Mark Foy's Limited or Mark Foy's was a department store in Sydney, New South Wales, founded by Francis Foy and his brother Mark Foy. The department store was named after their father, Mark Foy and traded between 1885 and 1980. After first establishing their store on Oxford Street in 1885, the Foy brothers opened'Mark Foy's Piazza Store in 1909 on Liverpool Street; this was a three-storey store designed by architects Arthur McCredie & Arthur Anderson with a turreted mansard roof. The building was modelled on the Parisian Le Bon Marche department store, its piazza, chandeliers and sumptuous ballroom made it a Sydney institution and one of Australia's foremost fashion stores. The store had Australia's first escalator; the store stretched around a whole city block and gave rise to the colloquial saying, when referring to a person of overweening confidence, "You've got more front than Mark Foy's." The store was remodelled in 1927. The store was linked in 1926 to the newly opened Museum Railway Station by underground subway.
The company had their most profitable year in 1954/1955. With the decline of the Liverpool street area in the 1950s and 1960s, Mark Foys began to experience financial decline declaring their first financial loss in 1966/1967. A store was opened at Rockdale in 1963 in the Southside Plaza; the Rockdale store was extensively damaged by fire in 1967. Rebuilt, it became a McDowells store and was rebranded as Waltons in 1972. In 1964 Mark Foy's opened a store in the Sydney suburb of Eastwood and in 1966 at Burwood in the Burwood Westfield Shopping Town; the Eastwood Store became a McDowells store and a Waltons. Other stores were opened across Sydney's suburbs at Chatswood, Double Bay and Bankstown. In 1968 Mark Foy's was taken over by McDowells Holding Ltd. In 1972, McDowells was in turn acquired by Waltons. After Waltons was split in 1987, six stores were sold to George Bloomfield of Australian clothing manufacturer Wraggs; the stores still trading as Mark Foys, were sold again to Clothing retailer Richards in November, 1986.
In 1980, when it ceased trading after going into receivership, the City Piazza building became "Grace Bros Piazza" until 1982. The natural shift of the retailing hub further north of the CBD, around Pitt Street Mall, led to its closure; the City Piazza building is now used as a complex of state courthouses known as the Downing Centre. However, its former role is preserved in the ornate tilework on surroundings; the Mark Foy's warehouse is a heritage brownstone building located in nearby Goulburn Street, converted into residential apartments known as Sydney Mansions. An ice skating rink was installed on the fifth floor in the store as part of a Swiss alpine setting for the presentation of skating costumes and evening gowns; the miniature rink opened at lunchtime on 11 April 1950 for the fashion parade titled "Fashion Fantasy On Ice", which would have a duration of 10 days. There was the prospect of customers being able to use the miniature ice rink, it is claimed that the Foy family, Irish-born Roman Catholics, would only employ Catholics and stocked uniforms of the major Catholic schools, in an environment when government organisations had a policy to not employ Catholics, David Jones specialised in Anglican school uniforms.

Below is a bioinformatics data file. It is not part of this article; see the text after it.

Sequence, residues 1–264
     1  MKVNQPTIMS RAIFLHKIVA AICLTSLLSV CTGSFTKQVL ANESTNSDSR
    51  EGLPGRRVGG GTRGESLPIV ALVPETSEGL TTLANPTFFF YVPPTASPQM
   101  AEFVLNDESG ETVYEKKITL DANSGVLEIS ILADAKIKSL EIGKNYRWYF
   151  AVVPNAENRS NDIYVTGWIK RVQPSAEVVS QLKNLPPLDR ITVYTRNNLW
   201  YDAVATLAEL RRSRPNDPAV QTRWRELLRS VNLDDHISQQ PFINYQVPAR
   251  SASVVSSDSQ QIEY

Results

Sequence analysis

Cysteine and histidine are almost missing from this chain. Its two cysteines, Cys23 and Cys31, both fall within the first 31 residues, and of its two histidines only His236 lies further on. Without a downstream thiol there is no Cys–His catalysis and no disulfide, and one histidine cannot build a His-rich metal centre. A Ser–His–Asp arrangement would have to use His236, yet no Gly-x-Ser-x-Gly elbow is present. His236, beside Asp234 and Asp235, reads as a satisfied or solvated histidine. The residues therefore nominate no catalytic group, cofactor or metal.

Mark Foy founded the Hydro Majestic Hotel at Medlow Bath near Katoomba, Australia's oldest open boat sailing club, the Sydney Flying Squadron, founded in 1891. Michael Lech. "Mark Foy's". Dictionary of Sydney. Dictionary of Sydney Trust. Retrieved 10 October 2015
Lucius Seius Tubero was a Roman senator, who flourished under the reign of Tiberius. He was suffect consul for February through July of the year 18, succeeding the emperor Tiberius, as the colleague first of Germanicus of Livineius Regulus; the family connections of Seius Tubero have posed a problem for students of ancient history. For example, he is the only consul of either the Roman Republic or Empire to use "Tubero" as a cognomen, not of the gens Aelii; the consensus is that Tubero is one of the two brothers of Sejanus alluded to by Velleius Paterculus. Borghesi first proposed, it was proposed that Seius Tubero was by birth the nephew of Strabo's wife, whom Strabo adopted. The latest theory of his fraternal relationship to Sejanus, proposed by Ronald Syme, is that Seius Tubero was the son of his wife Junia with her first husband, the jurist Quintus Aelius Tubero, whom Seius Strabo adopted following his marriage to Junia. Seius Tubero's first recorded action is in the year 16, as the commander of cavalry under Germanicus in battle against the Angrivarii.
He next appears after his consulship, in the year 24, when he and Gnaeus Cornelius Lentulus Augur, described by Tacitus as leading men of the state and close friends of emperor Tiberius, accused by Vibius Serenus of inciting rebellion and public unrest. Because Lentulus was so old and Tubero in poor health, both were acquitted, Serenus fled from Rome for Ravenna, only to be brought back before the Senate and punished with exile, his life after that incident is a blank. As Tacitus notes that Gnaeus Cornelius Lentulus Gaetulicus was "alone of all connected with Sejanus" to avoid death or exile after his fall in the year 31, it is that Seius Tubero died either before Sejanus' fall, or soon after it